Fred Fuentes

New revelations shed light on the cruelty being inflicted on refugees in Australia's offshore detention centres. They come just days after the Department of Immigration and Border Protection sent a pregnant Somali refugee woman back to Nauru where she had been raped.

Abyan, as she is known, was transferred to Villawood detention centre on October 11 from Nauru where she was going to speak with doctors about her desire for a termination.

Recent scandals have placed a spotlight on Australia’s electoral system. However, the discussion about possible electoral reforms has largely failed to go beyond touch-ups to an increasingly obsolete set-up.

Moreover, some changes would ultimately help tighten the grip that the two major pro-corporate parties have on power — precisely at a time when more Australians are turning their backs on them.

Recent revelations have demonstrated what many of us already know: both the Liberals and Labor are backed by big business.

While much of the focus this election has been on the battle for western Sydney, noticeably absent from media reporting has been the campaign waged by Greens candidates in the area.

Yet the Greens are not only fielding candidates in every western Sydney electorate, “We are taking active roles in our local communities across western Sydney”, explained David Lenton, the Greens candidate for the seat of Lindsay.

More than that, they have the old mainstream parties running scared.

About 70 activists gathered in Parramatta Town Hall on May 11 for the second annual Climate Change-Social Change conference.

Hosted by Green Left Weekly, the conference drew together a broad range of activists from various environment campaigns, anti-coal seam gas groups, the Greens and the Socialist Alliance, cementing its role as an important annual gathering for western Sydney activists.

University students across Australia will take to the streets on May 14 to protest the federal Labor government’s $2.8 billion cuts to higher education.

The call by the National Union of Students (NUS) for a “student strike against education cuts” has not only received support from students, but also the National Tertiary Education Union (NTEU), which covers university staff.

On a number of campuses, NTEU members have been resisting cuts that university administrations claim are necessary due to lack of government funding.

“The Stain” is the name of a photo exhibition by Turkish artist A. Suderin Murat, which looks at the issue of violence against women.

Coinciding with International Women’s Day, the exhibition will be open to the public from March 4-10 at the Auburn Town Hall Exhibition Gallery.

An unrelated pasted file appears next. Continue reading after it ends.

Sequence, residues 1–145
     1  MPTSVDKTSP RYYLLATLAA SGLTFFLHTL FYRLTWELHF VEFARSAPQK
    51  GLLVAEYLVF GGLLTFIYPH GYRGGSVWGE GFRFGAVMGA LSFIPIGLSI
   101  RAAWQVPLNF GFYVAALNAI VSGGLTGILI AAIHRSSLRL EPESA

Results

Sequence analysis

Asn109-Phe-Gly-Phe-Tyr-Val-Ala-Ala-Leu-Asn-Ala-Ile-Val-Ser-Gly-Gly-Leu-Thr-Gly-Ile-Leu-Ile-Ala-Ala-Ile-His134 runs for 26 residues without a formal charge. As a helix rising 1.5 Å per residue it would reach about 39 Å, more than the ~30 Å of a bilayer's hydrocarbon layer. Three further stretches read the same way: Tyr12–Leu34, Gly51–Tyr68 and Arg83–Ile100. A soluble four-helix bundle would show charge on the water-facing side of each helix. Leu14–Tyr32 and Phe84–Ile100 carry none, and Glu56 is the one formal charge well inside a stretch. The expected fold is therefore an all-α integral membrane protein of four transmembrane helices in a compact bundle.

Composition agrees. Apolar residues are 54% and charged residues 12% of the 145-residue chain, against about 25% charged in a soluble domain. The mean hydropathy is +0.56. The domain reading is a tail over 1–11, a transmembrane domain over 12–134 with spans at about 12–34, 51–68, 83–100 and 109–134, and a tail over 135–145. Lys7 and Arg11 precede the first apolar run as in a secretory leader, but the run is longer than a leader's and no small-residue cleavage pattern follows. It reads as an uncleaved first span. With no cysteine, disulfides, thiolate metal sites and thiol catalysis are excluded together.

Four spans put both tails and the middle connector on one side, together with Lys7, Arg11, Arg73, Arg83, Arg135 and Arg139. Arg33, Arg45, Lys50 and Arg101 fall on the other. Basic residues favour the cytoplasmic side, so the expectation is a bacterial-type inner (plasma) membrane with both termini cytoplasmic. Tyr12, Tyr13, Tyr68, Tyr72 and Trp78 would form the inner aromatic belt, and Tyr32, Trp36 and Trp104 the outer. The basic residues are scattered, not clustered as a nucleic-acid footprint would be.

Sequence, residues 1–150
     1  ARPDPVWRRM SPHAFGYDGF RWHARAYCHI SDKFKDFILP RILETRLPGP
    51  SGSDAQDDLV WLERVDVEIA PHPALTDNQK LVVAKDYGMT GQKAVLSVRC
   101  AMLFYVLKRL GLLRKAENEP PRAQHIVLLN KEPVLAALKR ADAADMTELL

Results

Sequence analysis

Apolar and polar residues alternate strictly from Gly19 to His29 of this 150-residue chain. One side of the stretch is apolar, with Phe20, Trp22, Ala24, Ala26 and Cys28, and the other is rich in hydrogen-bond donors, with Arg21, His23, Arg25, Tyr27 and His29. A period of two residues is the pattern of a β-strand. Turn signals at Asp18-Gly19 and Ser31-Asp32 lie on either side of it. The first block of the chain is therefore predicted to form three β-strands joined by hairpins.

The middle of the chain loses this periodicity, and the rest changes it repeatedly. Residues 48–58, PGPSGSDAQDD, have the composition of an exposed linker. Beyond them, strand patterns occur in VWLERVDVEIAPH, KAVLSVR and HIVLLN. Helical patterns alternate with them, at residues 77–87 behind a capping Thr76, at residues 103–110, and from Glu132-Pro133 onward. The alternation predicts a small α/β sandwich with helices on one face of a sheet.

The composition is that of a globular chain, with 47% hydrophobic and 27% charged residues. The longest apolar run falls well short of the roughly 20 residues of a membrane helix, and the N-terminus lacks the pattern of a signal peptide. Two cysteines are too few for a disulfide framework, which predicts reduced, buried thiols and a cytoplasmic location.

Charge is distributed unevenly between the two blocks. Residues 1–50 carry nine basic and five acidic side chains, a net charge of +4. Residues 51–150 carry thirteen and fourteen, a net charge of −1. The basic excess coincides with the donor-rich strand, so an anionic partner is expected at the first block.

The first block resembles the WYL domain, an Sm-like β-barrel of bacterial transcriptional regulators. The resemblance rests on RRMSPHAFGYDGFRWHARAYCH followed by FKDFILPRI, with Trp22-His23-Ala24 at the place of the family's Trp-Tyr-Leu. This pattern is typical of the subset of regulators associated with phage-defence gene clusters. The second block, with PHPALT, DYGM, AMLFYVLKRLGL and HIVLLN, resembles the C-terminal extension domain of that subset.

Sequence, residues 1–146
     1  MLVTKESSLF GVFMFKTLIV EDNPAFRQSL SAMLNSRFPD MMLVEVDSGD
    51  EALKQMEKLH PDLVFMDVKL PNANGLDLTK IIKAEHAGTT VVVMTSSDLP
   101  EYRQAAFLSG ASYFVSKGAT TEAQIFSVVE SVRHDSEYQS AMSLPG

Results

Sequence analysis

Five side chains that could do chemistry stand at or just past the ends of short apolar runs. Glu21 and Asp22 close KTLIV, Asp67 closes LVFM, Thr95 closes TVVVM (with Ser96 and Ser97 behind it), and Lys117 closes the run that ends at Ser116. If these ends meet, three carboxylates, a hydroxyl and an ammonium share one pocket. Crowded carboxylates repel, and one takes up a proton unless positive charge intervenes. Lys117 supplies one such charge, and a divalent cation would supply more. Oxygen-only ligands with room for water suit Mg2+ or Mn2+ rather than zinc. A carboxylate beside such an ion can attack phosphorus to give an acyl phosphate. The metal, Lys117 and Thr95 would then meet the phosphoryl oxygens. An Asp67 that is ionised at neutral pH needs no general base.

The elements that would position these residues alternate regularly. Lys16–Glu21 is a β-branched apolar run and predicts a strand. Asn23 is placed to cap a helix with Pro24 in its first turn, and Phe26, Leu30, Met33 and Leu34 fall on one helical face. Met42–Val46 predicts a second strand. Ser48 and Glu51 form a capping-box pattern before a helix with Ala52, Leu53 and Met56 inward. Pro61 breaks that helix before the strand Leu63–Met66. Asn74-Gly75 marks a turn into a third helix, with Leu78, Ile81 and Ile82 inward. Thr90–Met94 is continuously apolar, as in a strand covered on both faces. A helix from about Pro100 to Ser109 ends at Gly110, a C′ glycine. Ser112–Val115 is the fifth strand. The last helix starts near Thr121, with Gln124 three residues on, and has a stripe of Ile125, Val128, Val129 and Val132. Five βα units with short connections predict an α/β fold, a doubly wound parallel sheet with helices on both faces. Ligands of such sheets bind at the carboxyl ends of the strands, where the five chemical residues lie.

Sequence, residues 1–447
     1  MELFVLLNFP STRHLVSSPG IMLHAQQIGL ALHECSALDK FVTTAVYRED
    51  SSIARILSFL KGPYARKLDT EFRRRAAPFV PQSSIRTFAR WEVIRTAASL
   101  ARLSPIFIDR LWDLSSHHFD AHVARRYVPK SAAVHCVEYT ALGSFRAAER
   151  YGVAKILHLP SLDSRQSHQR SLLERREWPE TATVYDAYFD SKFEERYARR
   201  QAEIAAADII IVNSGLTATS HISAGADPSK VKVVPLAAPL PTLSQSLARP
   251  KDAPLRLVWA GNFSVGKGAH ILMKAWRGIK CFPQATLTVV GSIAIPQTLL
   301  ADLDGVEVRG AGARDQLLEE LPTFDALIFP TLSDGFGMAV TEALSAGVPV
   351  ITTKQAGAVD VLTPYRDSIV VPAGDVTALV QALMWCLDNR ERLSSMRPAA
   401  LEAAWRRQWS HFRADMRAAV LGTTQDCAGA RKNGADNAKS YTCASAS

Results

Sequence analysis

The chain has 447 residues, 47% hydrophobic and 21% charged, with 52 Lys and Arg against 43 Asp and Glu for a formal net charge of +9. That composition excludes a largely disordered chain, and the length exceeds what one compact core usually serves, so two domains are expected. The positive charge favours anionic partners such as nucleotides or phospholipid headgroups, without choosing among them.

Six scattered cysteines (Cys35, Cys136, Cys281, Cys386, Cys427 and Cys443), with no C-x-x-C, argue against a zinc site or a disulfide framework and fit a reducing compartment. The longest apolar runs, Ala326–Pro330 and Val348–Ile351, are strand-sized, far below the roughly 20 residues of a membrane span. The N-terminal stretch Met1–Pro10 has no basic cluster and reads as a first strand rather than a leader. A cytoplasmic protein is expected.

For many years, Murat has campaigned against all kinds of discrimination. She considers art to be “the most effective and peaceful tool” for helping society.

Angry residents from Kemps Creek and surrounding neighbourhoods packed the local sports and bowling club auditorium on February 18 to protest against the state government’s plan to dump radioactive waste in the area.

The NSW Liberal government is proposing to shift 5800 tonnes of soil from an area in Hunters Hill, where a uranium ore processing plant once stood, to the Kemps Creek SITA dump site.

Cancer clusters have been detected in Hunters Hill, which have been linked to the contamination left behind at the former plant site.

Around 200 people turned out for the February 13 protest in Casula to tell Barry O’Farrell to "lock the state" on coal seam gas companies. The protest was initiated by Socialist Alliance and Greens activists in Western Sydney.

The breadth of growing anger against the CSG industry was on display through the number of groups that supported and spoke at the rally. This included representatives from the Scenic Hills Association, SOS Rivers, NSW Greens MLC Jeremy Buckingham as well as Stop CSG groups from St Peters, Ingleburn, Blacktown, Blue Mountains and Illawarra,

NSW Transport Minister Gladys Berejiklian announced on November 16 plans to sack albout 700 railway workers and split up RailCorp.

Green Left Weekly’s Fred Fuentes asked Socialist Alliance member and railway union activist, John Coleman about the motives behind these plans and what they will mean for Sydney’s public transport system.

The NSW government has said that the job cuts are mainly focused on cutting waste among middle-level management. Can you tell us what the cuts are really about?

Staff and students from across all six University of Western Sydney (UWS) campuses protested on November 21, in opposition to university management plans to axe several courses.

Among the courses to go are Arabic, Spanish, Italian, the Bachelor of Communication sub-majors in writing, performance and animation, and the entire Economics degree. Along with these, the jobs of 29 academics in the School of Business and a further 25 in the School of Humanities and Communication Arts will be cut.

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